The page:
Idasa’s Cape Town Democracy Centre is housed in a beautiful historic building that was designed by legendary architect Sir Herbert Baker for the South African Association in circa 1902. The building at 6 Spin Street is a rare and outstanding architectural example of its period and enhances the quality of Church Square on which it abuts.
In 1704, the Governor of the Cape, Willem Adrian van der Stel, tried to introduce spinning of silk in the colony. A small-scale trial experiment was encouraging, producing 84 pounds of silk in one year. A shed was put up on the corner of Plein and Spin Street and served as a “factory”. The eggs of the imported silkworms died, however, and the new industry was a failure. A later attempt by the French expert Francois Guillaumet, brought to the Cape with his family and entrusted with the spinnery in 1753, did not succeed either.
The only relic of van der Stel’s silk-spinning endeavours is to be found in the name Spin Street, one of Cape Town’s oldest streets. During his time in government, the big church (Groote Kerk) was erected. He is often remembered as the governor who was recalled in disgrace.
One account states that Spin Street bounded the garden plot where mulberry trees were cultivated to feed the silk worms kept in the spinnery. Another tells of slaves bringing mulberry leaves from Rondebosch and Newlands. After the undertaking was abandoned, the spinnery building became a grain depot. It burned down in 1792.
An inscribed circular granite memorial stone located on the centre island of Spin Street opposite the Cape Town Democracy Centre is all that remains of Cape Town’s slave tree. This spot marks the site of the tree where slaves were auctioned until their emancipation on 1 December 1834.
Church Square itself is home to Gavin Younge and Wilma Cruise’s The Cape Town Memorial to the Enslaved, which was unveiled in 2008. The memorial comprises of eleven granite blocks in a sombre arrangement. Two are on the south west corner of Church Square, close to the Iziko Slave Lodge. Nine are grouped in a grid close to the slave tree plaque. All are 80 centimetre square, representing our common humanity. Different heights represent growth and the importance attached to the youth of South Africa.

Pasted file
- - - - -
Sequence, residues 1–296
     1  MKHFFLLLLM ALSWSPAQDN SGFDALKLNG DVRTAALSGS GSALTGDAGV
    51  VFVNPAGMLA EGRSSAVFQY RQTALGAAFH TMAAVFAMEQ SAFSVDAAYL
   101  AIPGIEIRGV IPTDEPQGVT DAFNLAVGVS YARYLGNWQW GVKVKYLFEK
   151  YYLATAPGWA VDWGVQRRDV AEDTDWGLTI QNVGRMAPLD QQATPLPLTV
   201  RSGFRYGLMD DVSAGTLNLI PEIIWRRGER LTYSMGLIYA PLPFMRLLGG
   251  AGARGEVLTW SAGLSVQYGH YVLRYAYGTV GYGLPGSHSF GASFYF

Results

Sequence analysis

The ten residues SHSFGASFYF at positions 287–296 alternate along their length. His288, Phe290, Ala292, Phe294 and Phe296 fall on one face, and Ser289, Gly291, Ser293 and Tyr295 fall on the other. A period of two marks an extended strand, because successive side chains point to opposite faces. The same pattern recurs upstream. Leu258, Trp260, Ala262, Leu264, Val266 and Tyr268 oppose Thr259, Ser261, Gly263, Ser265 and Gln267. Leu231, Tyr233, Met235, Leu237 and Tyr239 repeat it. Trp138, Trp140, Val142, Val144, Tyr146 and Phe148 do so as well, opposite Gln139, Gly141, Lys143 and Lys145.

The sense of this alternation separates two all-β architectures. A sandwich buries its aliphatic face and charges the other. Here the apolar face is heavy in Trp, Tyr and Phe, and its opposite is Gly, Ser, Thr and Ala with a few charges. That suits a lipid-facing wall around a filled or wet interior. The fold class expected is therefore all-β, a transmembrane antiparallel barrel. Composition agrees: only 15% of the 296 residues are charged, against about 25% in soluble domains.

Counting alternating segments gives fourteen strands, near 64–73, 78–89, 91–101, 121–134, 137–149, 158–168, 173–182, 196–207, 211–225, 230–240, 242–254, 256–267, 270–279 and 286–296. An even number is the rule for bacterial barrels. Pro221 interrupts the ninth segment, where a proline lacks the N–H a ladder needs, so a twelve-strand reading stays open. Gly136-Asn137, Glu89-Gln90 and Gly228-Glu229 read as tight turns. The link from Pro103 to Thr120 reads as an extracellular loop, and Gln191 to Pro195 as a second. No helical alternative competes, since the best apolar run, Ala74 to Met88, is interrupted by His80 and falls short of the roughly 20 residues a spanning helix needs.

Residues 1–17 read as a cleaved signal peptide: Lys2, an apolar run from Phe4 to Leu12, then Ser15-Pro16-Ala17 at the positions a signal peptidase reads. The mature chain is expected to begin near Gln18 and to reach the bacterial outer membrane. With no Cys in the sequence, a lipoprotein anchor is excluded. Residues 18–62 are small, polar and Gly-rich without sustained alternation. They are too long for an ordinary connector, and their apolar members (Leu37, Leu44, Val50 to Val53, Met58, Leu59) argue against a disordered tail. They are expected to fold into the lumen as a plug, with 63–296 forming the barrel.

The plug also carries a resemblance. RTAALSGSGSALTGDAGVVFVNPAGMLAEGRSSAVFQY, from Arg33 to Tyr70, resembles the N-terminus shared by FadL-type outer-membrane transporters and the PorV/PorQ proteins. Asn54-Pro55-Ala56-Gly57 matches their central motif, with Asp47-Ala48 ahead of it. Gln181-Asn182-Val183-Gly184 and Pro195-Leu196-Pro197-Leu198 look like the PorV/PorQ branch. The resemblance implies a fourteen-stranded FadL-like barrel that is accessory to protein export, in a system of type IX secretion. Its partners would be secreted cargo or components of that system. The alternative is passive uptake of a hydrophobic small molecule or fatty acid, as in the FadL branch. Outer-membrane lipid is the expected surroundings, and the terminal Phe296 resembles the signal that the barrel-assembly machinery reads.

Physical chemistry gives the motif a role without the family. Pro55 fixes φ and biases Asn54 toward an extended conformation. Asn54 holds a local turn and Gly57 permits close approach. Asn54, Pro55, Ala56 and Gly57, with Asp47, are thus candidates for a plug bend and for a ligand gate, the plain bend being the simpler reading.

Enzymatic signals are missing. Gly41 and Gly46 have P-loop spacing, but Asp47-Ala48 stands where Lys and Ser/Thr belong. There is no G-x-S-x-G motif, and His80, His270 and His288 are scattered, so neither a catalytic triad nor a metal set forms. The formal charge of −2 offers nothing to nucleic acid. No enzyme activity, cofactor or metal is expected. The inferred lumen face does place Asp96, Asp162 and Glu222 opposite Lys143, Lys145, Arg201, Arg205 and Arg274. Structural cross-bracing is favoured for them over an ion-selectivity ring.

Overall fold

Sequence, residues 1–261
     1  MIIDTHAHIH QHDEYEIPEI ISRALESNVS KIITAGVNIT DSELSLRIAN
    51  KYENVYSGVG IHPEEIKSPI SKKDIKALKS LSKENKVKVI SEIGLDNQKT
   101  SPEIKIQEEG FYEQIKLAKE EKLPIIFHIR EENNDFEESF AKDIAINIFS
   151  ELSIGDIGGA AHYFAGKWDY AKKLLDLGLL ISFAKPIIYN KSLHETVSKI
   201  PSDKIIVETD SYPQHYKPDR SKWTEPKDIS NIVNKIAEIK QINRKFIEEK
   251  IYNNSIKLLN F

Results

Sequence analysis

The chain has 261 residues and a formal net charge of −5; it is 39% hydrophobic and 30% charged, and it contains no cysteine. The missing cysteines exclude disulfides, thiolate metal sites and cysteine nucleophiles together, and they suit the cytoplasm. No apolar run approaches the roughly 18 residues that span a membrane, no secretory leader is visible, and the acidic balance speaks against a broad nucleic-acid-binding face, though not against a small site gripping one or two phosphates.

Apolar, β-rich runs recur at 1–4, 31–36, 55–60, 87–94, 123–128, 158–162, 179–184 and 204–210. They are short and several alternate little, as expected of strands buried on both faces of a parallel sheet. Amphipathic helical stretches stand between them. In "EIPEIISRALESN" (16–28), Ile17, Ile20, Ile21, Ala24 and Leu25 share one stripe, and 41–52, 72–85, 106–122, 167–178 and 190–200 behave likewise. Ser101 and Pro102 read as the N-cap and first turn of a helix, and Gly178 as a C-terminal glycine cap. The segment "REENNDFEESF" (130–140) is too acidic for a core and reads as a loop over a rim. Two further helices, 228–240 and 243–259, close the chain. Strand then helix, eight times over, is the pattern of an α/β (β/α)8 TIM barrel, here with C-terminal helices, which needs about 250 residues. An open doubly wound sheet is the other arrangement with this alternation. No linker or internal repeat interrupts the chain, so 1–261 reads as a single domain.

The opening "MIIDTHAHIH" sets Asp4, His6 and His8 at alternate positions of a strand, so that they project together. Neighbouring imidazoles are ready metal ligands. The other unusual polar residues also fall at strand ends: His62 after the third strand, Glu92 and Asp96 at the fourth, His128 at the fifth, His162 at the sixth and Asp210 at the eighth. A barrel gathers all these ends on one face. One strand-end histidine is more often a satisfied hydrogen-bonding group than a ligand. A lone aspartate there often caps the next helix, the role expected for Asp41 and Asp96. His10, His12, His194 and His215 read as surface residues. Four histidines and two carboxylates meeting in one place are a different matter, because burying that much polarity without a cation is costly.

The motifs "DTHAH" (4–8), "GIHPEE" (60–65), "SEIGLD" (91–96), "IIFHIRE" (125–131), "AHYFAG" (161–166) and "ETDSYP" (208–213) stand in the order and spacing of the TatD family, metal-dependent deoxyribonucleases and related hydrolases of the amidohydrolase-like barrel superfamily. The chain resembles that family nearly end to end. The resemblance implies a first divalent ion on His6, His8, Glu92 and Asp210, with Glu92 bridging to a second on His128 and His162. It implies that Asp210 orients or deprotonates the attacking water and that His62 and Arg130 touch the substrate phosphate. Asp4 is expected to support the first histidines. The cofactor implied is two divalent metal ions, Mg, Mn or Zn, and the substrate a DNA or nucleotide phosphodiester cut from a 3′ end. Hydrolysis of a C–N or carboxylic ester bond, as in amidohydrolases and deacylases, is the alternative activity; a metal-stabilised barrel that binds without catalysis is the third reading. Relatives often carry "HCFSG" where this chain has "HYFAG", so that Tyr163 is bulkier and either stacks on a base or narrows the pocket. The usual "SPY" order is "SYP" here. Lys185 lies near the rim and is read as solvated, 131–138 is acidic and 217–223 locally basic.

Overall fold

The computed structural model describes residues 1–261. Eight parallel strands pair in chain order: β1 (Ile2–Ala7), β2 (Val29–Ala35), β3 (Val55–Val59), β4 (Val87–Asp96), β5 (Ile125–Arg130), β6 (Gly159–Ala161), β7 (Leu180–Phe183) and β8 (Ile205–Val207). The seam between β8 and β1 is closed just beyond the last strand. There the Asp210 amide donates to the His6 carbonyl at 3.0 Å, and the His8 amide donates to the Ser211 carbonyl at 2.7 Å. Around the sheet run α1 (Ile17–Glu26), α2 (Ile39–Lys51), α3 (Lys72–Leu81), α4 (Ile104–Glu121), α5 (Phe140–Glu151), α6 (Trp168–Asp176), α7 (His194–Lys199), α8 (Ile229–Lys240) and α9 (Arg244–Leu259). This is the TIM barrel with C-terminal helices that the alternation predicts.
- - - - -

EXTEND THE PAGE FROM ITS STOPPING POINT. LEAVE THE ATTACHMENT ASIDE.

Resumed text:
The two south west blocks are engraved with the names of the enslaved, once-forgotten names researched by historians and activists. The other blocks carry words from the two centuries of the slave period, including those of resistance, rebellion, suffering, the slaves’ provenance, religion, life, manumission, punishment and the lodge. VOC slaves were baptised in the Groote Kerk. Slave children were required to work in the silk factory in Spin Street.
The memorial to slavery at the cape was commissioned and erected by the City of Cape Town. It has been criticized for its cryptic imagery and the fact that there is no creation of solemnity, no celebration of memory, nor a sense of tribute to the role of the slaves in the building of the city. Other world cities have also addressed the memorialisation of slavery. In London, for instance, a recent example is the Memorial to the Abolition of the transatlantic Slave Trade, the unveiling of which was attended by Archbishop Emeritus Desmond Tutu.
Standing on a pedestal made of Table Mountain Sandstone, Anton van Wouw’s (1862-1945) bronze statue of Onze Jan (the Honourable Jan Hendrik Hofmeyr) forms the centre-piece of Church Square opposite the Cape Town Democracy Centre. Hofmeyr fought for the independence of Afrikaans, one of the youngest languages in the world. The statue of the parliamentarian was erected in 1910 in recognition of his efforts to have Afrikaans recognized as a language on an equal footing with English in the Union of South Africa’s Constitution of 1910.
Arguably the statue has a grim presence. Perhaps it is time and corrosion that have given his face the sour green lines that make it so forbidding. He stands in front of South Africa’s first church (Groote Kerk) with his hat in his hands behind him, almost in piety, staunch and proud.